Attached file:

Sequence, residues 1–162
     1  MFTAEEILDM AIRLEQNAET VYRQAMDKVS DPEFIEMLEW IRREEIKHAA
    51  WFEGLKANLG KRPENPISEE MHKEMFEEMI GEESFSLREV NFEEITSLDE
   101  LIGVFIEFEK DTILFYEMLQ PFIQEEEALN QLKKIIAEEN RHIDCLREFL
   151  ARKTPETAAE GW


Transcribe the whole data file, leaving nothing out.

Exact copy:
Sequence, residues 1–162
     1  MFTAEEILDM AIRLEQNAET VYRQAMDKVS DPEFIEMLEW IRREEIKHAA
    51  WFEGLKANLG KRPENPISEE MHKEMFEEMI GEESFSLREV NFEEITSLDE
   101  LIGVFIEFEK DTILFYEMLQ PFIQEEEALN QLKKIIAEEN RHIDCLREFL
   151  ARKTPETAAE GW